October 15, 2014 How did the British press report last evening’s abandoned Serbia vs Albania Euro 2016 qualifier? Nearly all made basic errors in fact, each time erring on the side of distortion. The facts are incendiary enough The match brawl was ignited when a drone flew into Belgrade Partizan stadium carrying a banner depicting
How did the British press report last evening’s abandoned Serbia vs Albania Euro 2016 qualifier? Nearly all made basic errors in fact, each time erring on the side of distortion.
The facts are incendiary enough
The match brawl was ignited when a drone flew into Belgrade Partizan stadium carrying a banner depicting a map of Greater Albania in the national colours. Serbian player Aleksandar Mitrovic tore down the banner but some Albanian players tried to snatch it. In anticipation of violence, only home fans were present at the fixture and some invaded the pitch, a few others hurled smoke bombs onto the pitch. Papers reported clashes between Serbian and Albanian players while Chelsea’s Branislav Ivanović said “we wanted to carry on and that we shielded the Albanian players every step of the way to the tunnel.”
The match was called off by English referee Martin Atkinson. The brother of Albania’s Prime Minister, Olsi Rama – a US passport holder – was said to have been arrested after being accused of controlling the drone from his seat in an executive box in the stadium. He has since returned to Tirana to a hero’s welcome denying both the arrest and involvement with the drone.
Uefa has declared an investigation into the incident and both nations face harsh disciplinary sanctions. Serbia is skating on especially thin-ice following the 2012 U21 Serbia-England match marred by racism on the terraces and some pretty ugly media reporting.
Press drone#1: Albanian flag
Many media outlets reported the banner as depicting an “Albanian flag” which was not the case. The Balkan nation’s flag depicts a black double-headed eagle against a red rectangle. Whereas the banner depicted the same motif against a red map of Greater Albania. The media message clearly marks Serb fans as trigger-happy in the extreme, as even the sight of another country’s legitimate flag is cause for chaos.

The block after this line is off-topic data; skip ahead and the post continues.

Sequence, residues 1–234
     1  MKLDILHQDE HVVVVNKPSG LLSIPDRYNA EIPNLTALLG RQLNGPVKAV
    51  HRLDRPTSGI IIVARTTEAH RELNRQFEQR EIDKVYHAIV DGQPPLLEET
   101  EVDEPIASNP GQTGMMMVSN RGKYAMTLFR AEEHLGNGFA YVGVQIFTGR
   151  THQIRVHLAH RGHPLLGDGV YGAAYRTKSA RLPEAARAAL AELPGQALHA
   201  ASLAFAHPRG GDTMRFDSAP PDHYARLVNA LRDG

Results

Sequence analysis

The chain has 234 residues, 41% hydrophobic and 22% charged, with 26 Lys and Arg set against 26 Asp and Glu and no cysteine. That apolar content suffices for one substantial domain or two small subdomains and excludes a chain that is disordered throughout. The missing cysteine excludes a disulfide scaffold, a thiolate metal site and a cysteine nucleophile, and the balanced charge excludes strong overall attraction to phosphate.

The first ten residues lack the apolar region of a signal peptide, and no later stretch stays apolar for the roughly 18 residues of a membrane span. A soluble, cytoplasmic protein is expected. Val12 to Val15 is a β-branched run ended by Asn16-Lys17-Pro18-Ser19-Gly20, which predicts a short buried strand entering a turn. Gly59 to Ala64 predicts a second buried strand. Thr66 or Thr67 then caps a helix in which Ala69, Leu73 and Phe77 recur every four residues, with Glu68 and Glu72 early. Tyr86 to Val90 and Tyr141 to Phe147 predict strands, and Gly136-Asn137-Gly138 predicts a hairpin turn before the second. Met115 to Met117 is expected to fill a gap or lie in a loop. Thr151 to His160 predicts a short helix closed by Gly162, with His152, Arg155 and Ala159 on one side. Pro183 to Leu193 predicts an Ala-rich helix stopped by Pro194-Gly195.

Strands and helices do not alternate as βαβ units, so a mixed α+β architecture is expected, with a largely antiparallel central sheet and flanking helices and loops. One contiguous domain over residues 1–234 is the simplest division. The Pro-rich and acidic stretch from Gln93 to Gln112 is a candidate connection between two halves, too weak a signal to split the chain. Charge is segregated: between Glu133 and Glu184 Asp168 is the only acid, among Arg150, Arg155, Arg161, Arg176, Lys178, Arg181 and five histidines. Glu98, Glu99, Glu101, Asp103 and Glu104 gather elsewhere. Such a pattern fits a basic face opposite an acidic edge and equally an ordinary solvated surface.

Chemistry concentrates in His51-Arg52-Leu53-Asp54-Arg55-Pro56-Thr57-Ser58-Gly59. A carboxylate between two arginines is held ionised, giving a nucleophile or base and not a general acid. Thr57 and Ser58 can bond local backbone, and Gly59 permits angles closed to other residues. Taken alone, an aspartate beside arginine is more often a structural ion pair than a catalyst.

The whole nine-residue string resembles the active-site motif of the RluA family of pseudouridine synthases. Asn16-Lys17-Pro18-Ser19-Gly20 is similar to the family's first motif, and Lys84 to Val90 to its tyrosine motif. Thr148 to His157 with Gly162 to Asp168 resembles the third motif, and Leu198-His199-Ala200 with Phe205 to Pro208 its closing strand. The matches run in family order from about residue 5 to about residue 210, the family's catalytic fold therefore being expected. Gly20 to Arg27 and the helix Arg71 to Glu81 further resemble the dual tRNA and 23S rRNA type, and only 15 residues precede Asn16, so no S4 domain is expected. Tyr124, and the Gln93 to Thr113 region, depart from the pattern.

The BBC reported:
Trouble flared when an Albanian flag and message flew above the pitch and was caught by a Serbia player.
The Mirror followed suite:
The Daily Mail reports:
A drone carrying the Albanian flag was flown in above the pitch
The Metro also obliges:
It started when a drone dropped an Albanian flag into the stadium as part of a political protest, turning the ground into a boiling pot of rage.
More of the same from the Evening Standard, written by Zoran Milosavljevic (although he does go on to correct the mistake):
Serbia v Albania abandoned: Chelsea’s Branislav Ivanovic distraught after clashes sparked by drone carrying Albanian flag
Sky Sports only report the benign “national symbols”:
The Guardian got it right, saying:
The black and red flag bore the Albanian insignia and a map of the notional “Greater Albania” territory…
…a flag depicting so-called Greater Albania, an area covering all parts of the Balkans where ethnic Albanians live…
Press drone#2: The map was of Kosovo
Several papers misleadingly report that the map on the banner was of Kosovo, the ethnic Albanian pseudo-state which some countries including the UK have recognised.
Blic correctly reports the map was of Greater Albania, a nationalist ambition comprising annexed chunks of Serbia, Montenegro, Macedonia and Greece.
The flag showed a map of Kosovo and the message ‘autochthonous’ (indigenous)
Neither does the Independent exhibit much independently-minded map checking:
Sky Sports also reports the map’s territory erroneously, although later into the article text the map is correctly reported:
Press drone #3: The greatest omission
Many papers give an insight into the reasons behind the heightened sensitivities usually culminating in NATO intervention, after which virtually all displaced ethnic Albanians could return to Kosovo. Not one mention the ethnic cleansing of most Serbs out of Kosovo. To date, hardly any have returned. The omission of this fact speaks volumes about the lazy bias in UK media outlets and government foreign policy.
NATO waged a 78-day air war in 1999 to halt the killing and expulsion of ethnic Albanians in Kosovo by Serbian forces fighting a two-year counter-insurgency war.
The Telegraph tries to be even-handed but bumbles by a bit:
Nato carried out a 78-day bombing campaign which led to Serb troops pulling out of Kosovo in 1999 and brought an end to the Serbian government’s repression of the ethnic Albanian population.
Serbia says the Nato airstrikes killed 2,500 civilians, including 89 children, a figure contested by Nato.
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